It's midnight and there is a fog on my street that makes it look like my imagined version of Merry Old England. I've been working from the moment I woke up. I haven't even had time to have a shower. Or to go running as I'd planned. I took a short break to make some chicken curry and some peas. And then I got back to work. And I ignored the phone calls from Jessie that would have told me she was coming over to check on me because she was worried about me. Lord love her for caring enough about me to not allow me to self-destruct the way I am prone to. She knocked on my door, and I momentarily considered not answering it. But that's only because I didn't know it was her and didn't fancy a visit from the creepy guy across the street who intends to marry me despite the fact that he will have to kill me first. Fortunately, I took a chance and opened the door, and Jessie came in and sat with me for a while, and listened to me talk (and cry just a little bit) and blow things out of proportion and trivialize them in the same breath. And never once did she let on that she is tired of me or my mountain range of bullshit. And then I heated up a bite-size portion of chicken curry and rice for her, and she said "yum."

So Jessie just left, and I took Audrey out for a walk, and that's when I noticed the fog. It's nearly white outside. And bright. It's the middle of the night, but it looks like early morning. It looks like daytime. Everything is wrong about it.

Yesterday, Sarah and Paul took me to see Robert Wells at the Civic Theatre in San Diego. I would have stayed in San Diego a smidge longer, but I had so much work to do, and switching computers has left me occasionally up the storied waters of Shit Creek. I end up far from home realizing I don't have the software I need or the files I thought were on the hard drive. Without fail. It's hard to plan for things. It's hard to pack for trips. It's hard to be prepared for everything that happens. I, for one, nearly never feel prepared, though I'm certain I give the impression that I've always got it together. And I certainly carry most of the right things in my handbag. But to be truthful, much of the time -- most of the time -- I am at a loss. I feel out of place and uncertain. Nervous, awkward. When Martín and I were at Disneyland last week, I heard it in my voice. The sound of that silly little girl in my voice. The one with nerves all a-jangle. Maybe I don't let my voice take on that cast as often anymore. Maybe it's because I am so seldom in the comfortable bosom of enduring friendship. Instead, I'm so often playing at being this version of me that even I've gotten used to. And I detest playing the role so much that I think I've shut down. And maybe that's why I never want to answer my phone anymore. Maybe that's why I don't know what to say.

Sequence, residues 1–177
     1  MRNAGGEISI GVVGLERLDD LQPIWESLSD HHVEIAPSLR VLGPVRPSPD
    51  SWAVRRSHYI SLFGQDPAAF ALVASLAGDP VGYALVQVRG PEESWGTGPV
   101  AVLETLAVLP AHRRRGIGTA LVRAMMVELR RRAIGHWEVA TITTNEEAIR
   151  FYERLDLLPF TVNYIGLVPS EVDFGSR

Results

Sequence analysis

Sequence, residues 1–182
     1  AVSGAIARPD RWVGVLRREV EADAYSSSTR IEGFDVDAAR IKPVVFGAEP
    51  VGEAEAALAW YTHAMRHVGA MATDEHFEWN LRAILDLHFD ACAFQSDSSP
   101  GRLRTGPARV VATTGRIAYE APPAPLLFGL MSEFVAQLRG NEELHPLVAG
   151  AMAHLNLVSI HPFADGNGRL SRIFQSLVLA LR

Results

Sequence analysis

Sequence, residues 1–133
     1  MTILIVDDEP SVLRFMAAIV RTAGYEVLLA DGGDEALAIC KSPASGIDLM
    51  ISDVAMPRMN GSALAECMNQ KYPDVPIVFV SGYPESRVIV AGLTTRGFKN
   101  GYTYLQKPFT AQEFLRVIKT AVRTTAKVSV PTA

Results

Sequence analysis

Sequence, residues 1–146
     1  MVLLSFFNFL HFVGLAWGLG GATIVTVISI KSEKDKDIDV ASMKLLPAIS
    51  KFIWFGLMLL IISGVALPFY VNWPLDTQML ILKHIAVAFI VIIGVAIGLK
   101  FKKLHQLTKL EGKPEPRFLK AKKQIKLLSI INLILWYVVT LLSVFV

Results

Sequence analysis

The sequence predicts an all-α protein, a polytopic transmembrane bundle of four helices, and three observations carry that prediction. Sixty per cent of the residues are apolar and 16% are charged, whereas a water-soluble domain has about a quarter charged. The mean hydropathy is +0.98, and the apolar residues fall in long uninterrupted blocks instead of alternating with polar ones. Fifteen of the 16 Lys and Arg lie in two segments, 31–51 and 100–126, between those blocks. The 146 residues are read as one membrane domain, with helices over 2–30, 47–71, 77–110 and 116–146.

In addition to a fine rendition of the beloved Bohemian Rhapsody, the musicians at the Robert Wells concert (who included Ruben Studdard, and he didn't appear to have lost any weight, but he sang like an angel -- a big fat angel) also came out for an encore that was a medley of ABBA hits. Of course, I sang along. The man to my left was wearing a tuxedo. He did not sing along. And he also did not seem to be able to remember to clap on the twos and fours.

I worked all day, through episode after episode of Little House on the Prairie and then Star Treks Deep Space Nine and The Next Generation. They were all episodes I remembered. Even the Little House ones. And I haven't watched that show since childhood. It was the two episodes with Jason Bateman when he and his sister lose their parents and then end up being adopted by the Ingalls family after being temporarily adopted by a really mean family and then by a bear trap. Deep Space Nine is in the season seven portion of its rotation. One of the episodes today was the one where Sobor is disgusted by Kai Winn's carrying on with Anjohl (who is actually Dukat in disguise). Kai Winn sends him away one morning, and he asks what she will be doing, and she says something that isn't "making out with Anjohl," and then Anjohl comes in, ever the lothario, and Sobor says wryly, "I see." I remember how much it made me laugh when I first saw this episode back in its original airing. I laughed again today. And then I thought (wryly) how disappointing it is to have to find all of my pleasure in the memory of it. Among the three Next Generation episodes today was The Inner Light, one of my favorites and the origin of that pretty pretty flute melody that I used to listen to on this CD when I worked at Protein Polymer Technologies. I listened to it over and over. Mostly to that flute theme and then to the music from The Trouble with Tribbles. The days seemed endless back then. I listened to this CD a lot during those days, too. So pretty. All those variations on La Folia. Something I like to play on my violin a lot. I played one of Corelli's variations at the Governor's Mansion in Guam. Later, that governor killed himself. Like a few years later. Not "later that night." I don't think it was my fault, but you never know. Everything seems to find its way back to everything else. At one point I eventually started listening to this CD. Which serves to remind me that there was once a time when I only had a CD player that could play a single disc at a time. And now I have in iPod. And my control of the music I listen to is much more masterful, but all the music I listen to still seems to mean the same thing it used to.